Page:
For at least six months I’ve used the WordPress Mobile Edition plug-in to provide visitors to my WordPress blog, who use a mobile device like an iPhone, iPod Touch, or Blackberry, with a quick-loading mobile interface. This plug-in is a bit unusual, since it also requires a custom theme which must be uploaded into your wp-content/themes directory. The main problem with the plug-in, however, is that it is not compatible with “caching” plug-ins like wp-cache, which I’ve used now for several years. Caching plug-ins are beneficial for busy WordPress blogs because they create static versions of webpages and thereby reduce the mySQL server request load for your web host. This can increase the speed / performance of your WordPress blog for visitors, and in the extreme (a situation which has NOT happened to me, to date) can make your blog “DIGG proof.” This means if a post gets popular on a site like DIGG, Slashdot or reddit (which means your page/site is attracting thousands of hits) the server should be able to handle the load and not fail. When a mobile-theme plug-in is not cache-compatibile, sometimes mobile visitors are shown the “mobile version” of webpages, and sometimes they are not, depending on whether or not the full-browser version of the page has been previously cached. This defeats the purpose of using a mobile-accessible plug-in or theme, so it’s important to work around these issues.
I’m not sure the first time I saw it, but I’ve had “mobile-blog theme envy” ever since I first saw the WPtouch WordPress plug-in / mobile theme in action on my iPhone. James Deaton runs it on his blog, Wandering Tech, and every time I’ve seen it in mobile form the past few months I’ve wanted to use it too. Like all the plug-ins and themes I use on my WordPress blog, WPtouch is free… so not running it wasn’t a question of money, it was a question of time. I tried awhile back to activate it on my blog, but it was not compatible with wp-cache either. So, to get it to work I knew I’d have to do some research and tweaking. This evening, I decided to give it a try.
This process required the following steps: I deleted my old wp-cache cached pages, deactivated the wp-cache plug-in along with WordPress Mobile Edition, deleted both of them from my hosting account (with Cyberduck), as well as the previously required Carrington Mobile WordPress theme, and then downloaded WP Super Cache. After uploading and activating it, I followed the instructions in the above video to configure it for WPtouch plug-in compatibility. To add information about Creative Commons licensing at the bottom of the mobile theme, I had to edit the “footer.php” file located in the wptouch / themes / default directory.
Whew! This took awhile, but it was worth it. I’m delighted with the results!
I spent some time customizing the mobile version’s background, colors and fonts, as well as the WordPress “pages” which are displayed in the mobile menu. I like how WPtouch permits custom icon configuration for WordPress pages as well.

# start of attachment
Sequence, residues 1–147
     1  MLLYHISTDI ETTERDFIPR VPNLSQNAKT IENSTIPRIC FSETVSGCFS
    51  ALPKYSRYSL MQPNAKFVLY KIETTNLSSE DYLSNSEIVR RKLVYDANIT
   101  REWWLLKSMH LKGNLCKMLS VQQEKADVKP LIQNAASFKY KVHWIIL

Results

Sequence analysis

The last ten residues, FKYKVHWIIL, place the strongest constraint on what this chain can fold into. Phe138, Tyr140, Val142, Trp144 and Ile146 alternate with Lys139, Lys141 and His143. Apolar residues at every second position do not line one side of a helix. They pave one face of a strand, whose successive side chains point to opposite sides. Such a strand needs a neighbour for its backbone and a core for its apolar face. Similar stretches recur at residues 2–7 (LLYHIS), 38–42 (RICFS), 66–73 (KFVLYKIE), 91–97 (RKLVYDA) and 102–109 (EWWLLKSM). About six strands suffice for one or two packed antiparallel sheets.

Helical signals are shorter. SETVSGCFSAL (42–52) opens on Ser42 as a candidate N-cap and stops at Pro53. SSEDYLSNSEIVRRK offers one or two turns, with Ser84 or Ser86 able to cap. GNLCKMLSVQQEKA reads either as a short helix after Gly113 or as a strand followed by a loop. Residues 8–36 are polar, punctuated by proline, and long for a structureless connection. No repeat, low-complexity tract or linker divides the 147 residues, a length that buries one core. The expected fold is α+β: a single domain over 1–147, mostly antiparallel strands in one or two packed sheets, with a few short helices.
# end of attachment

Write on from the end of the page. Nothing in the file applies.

I was interested to see the WPtouch categories menu button displays post categories in descending order by the number of posts in each.
By clicking on the “podcasts” category, my month of “podfading” (a term I heard from Dan Schmidt back in 2006) in December is revealed! I hope to post podcasts at least once every two weeks in 2010, so hopefully lapses like this won’t be common. K-12 Online took a lot of my time in December, so that’s my excuse and I’m sticking to it!
Mobile web access is going to continue growing by leaps and bounds in the years ahead. Are your organizational and personal websites mobile-friendly? If you’re running WordPress, WPtouch provides a clean, effective and free way to provide mobile accessibility.
Did you know Wes has published several eBooks and "eBook singles?" 1 of them is available free! Check them out! Do you use a smartphone or tablet? Subscribe to Wes' free magazine "iReading" on Flipboard!
If you're trying to listen to a podcast episode and it's not working, check this status page. (Wes is migrating his podcasts to Amazon S3 for hosting.) Remember to follow Wesley Fryer on Twitter (@wfryer), Facebook and Google+. Also "like" Wesley's Facebook pages for "Speed of Creativity Learning" and his eBook, "Playing with Media." Don't miss Wesley's latest technology integration project, "Mapping Media to the Curriculum."
On this day..
- Group Building Design Challenge in STEM Class - 2015
- Helping Students Use Creative Commons Images in Presentations - 2014
- The Value of Good Design - 2011
- Podcast336: Personal Updates and Voices of ACTEM - Talking with Richard Byrne, Bob Sprankle and Kern Kelley - 2010
- Cloud computing lesson from Mobile Me Wrestling: Offline Backups - 2009
- Beware of outdated links and mailto links - 2008
- Political emails fly fast, but are readers validating content? - 2008
- IM on iPhone - 2008
- Podcast215: Technology Shopping Cart Podcast03 - Strategies for Helping Teachers Integrate Technology - 2008
- Student laptops a menace? - 2006